Part and parcel of building an internal franchise sales team is the recruiting and hiring process, which is challenging regardless of experience and economic climate. You may need to devote your own time and resources into creating ads, seeking referrals and screening individuals for a role on the team. Or you might work with a recruiter or hire human resources professionals to tackle the task, both of which require additional financial resources and patience in finding the right person for the job.
- Additional Member of the Payroll
In the early, lean times as an emerging franchise brand, most of your focus is likely on growing the brand by awarding franchise agreements. So, additional expenses like a franchise sales team’s salary and benefits may come as a shock – depending on the level of experience you’re seeking in a new hire. While commission rates are typically lower, annual compensation is something that emerging franchisors have to consider when bringing on an internal sales team.
- Risk of Underperformance or Quitting
An emerging franchise brand built for growth will have developed a robust training and operations manual for new franchisees, but might not have dedicated as many resources to training for a franchise sales team. If you’re hiring more for cultural fit and bring aboard individuals who may not have extensive experience, it will take longer for them to reach peak performance levels – or they may never reach expectations. More experienced and successful franchise salespeople may have lingering doubts about your brand’s ability to achieve sales projections, which ultimately impacts their income and they may quit for a more mature brand. In both cases, you’re left in a precarious situation having to take over franchise sales in the interim as you search for a new member of your franchise development team.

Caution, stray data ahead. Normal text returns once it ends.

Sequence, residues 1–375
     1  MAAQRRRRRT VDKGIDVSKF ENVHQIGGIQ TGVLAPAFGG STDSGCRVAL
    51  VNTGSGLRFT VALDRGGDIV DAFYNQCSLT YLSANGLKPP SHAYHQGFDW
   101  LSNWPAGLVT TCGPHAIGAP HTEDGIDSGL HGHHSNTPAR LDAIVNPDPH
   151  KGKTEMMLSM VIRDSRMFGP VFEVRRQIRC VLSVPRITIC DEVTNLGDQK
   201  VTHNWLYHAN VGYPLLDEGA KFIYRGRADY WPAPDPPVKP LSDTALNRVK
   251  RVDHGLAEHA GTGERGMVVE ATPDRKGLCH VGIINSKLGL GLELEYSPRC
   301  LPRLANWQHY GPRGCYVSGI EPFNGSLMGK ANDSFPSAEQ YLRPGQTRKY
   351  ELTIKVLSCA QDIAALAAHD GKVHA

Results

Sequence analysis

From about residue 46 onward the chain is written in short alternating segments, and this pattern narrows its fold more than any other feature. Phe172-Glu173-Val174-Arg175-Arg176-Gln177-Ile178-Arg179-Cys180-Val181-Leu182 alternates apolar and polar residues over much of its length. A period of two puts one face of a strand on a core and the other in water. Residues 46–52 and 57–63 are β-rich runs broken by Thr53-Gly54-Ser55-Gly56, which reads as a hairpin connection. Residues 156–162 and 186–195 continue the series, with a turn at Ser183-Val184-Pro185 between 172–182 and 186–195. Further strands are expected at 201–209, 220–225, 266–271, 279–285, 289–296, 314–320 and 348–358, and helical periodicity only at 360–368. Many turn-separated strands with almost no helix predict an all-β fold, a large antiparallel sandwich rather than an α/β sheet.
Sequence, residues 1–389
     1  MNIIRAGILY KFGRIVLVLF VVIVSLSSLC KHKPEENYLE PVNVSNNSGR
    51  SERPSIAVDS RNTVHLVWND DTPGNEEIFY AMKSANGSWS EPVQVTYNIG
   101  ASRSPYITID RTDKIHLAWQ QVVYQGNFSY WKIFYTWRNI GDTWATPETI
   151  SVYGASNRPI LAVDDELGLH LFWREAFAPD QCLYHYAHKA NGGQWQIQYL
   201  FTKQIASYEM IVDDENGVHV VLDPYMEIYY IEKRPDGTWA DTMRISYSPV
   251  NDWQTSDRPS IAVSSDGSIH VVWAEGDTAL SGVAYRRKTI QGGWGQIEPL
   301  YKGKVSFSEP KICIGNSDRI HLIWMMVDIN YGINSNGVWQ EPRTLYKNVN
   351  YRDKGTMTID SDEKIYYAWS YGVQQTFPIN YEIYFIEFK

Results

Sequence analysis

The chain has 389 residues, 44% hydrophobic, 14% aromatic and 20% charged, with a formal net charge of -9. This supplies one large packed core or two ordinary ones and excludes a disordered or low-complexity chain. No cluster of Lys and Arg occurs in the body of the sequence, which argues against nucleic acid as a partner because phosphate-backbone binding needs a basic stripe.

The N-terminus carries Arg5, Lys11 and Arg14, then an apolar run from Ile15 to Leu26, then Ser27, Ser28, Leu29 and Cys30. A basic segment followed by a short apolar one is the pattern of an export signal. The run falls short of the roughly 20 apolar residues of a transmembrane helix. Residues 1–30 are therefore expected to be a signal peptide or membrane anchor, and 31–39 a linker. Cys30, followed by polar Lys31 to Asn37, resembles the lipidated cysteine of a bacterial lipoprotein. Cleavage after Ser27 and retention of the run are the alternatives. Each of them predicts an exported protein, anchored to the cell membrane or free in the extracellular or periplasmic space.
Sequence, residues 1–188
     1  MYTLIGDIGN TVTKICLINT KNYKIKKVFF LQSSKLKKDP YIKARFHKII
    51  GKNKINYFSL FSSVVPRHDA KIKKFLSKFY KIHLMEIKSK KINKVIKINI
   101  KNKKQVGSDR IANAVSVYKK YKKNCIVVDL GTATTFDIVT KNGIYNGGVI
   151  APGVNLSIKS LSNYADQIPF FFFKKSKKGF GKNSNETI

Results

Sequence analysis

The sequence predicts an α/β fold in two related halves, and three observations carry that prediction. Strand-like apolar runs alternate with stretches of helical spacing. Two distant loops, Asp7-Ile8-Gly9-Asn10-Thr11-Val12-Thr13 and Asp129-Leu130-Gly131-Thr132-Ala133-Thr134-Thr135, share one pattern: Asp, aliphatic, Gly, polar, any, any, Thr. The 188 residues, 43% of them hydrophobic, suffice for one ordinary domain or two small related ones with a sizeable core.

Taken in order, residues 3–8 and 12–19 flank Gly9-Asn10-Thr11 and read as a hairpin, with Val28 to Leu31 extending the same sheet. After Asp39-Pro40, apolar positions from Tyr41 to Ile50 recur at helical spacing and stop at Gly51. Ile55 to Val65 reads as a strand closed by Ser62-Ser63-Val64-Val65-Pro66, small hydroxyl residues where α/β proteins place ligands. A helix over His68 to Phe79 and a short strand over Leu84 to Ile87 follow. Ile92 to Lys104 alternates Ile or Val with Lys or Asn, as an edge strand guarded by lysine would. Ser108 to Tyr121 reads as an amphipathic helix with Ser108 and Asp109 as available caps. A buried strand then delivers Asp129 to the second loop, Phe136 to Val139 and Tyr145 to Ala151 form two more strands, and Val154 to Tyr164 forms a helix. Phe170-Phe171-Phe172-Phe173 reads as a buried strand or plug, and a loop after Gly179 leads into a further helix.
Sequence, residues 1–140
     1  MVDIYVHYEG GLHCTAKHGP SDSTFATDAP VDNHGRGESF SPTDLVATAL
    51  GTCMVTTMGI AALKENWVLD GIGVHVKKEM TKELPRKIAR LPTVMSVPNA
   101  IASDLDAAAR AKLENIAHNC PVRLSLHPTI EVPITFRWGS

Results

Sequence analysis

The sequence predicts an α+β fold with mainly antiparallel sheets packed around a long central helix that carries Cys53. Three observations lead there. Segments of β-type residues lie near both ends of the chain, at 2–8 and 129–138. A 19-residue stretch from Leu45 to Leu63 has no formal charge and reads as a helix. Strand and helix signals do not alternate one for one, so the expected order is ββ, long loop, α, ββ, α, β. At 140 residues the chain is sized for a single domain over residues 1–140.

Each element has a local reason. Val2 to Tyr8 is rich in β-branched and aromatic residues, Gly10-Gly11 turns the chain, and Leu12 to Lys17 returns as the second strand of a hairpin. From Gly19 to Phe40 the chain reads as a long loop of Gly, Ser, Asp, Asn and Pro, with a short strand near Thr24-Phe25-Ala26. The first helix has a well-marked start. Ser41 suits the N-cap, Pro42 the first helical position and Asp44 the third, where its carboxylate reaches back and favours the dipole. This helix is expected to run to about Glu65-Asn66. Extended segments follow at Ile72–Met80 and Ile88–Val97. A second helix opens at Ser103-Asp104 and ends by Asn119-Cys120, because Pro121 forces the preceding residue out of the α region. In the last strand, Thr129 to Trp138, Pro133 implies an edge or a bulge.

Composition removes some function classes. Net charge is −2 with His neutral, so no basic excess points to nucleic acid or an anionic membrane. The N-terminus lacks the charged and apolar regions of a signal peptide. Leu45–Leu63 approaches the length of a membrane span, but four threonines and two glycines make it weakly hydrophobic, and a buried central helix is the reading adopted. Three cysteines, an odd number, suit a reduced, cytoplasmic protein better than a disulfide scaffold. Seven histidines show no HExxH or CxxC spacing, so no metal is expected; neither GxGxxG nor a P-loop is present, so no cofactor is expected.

Hiring an External Franchise Sales Team
The clearest added benefit of working with an external sales team is that it frees you up to focus on the health of your emerging franchise system and ensuring operational success at the unit level. Franchise sales outsourcing organizations, for example, will take care of everything involved in the process short of lead generation, meaning they’ll handle inquiries, score leads, nurture them and go through important documents. At the same time, you won’t have to devote time and resources to recruiting, hiring and training.
External franchise sales teams typically earn income solely from the commission when awarding a new franchisee. Franchise brokers who you may use for lead generation are paid when a lead they generate closes, and a franchise salesperson also earns commission for closing the lead. In the case that you were to use both for franchise sales, you’re still likely saving money since you’re not responsible for paying a monthly salary and benefits, as well as investing in training opportunities, for an internal hire. However, if the lead flow and the number of deals you close through an external salesperson reaches a certain point, you may end up spending more externally and decide to bring sales in house.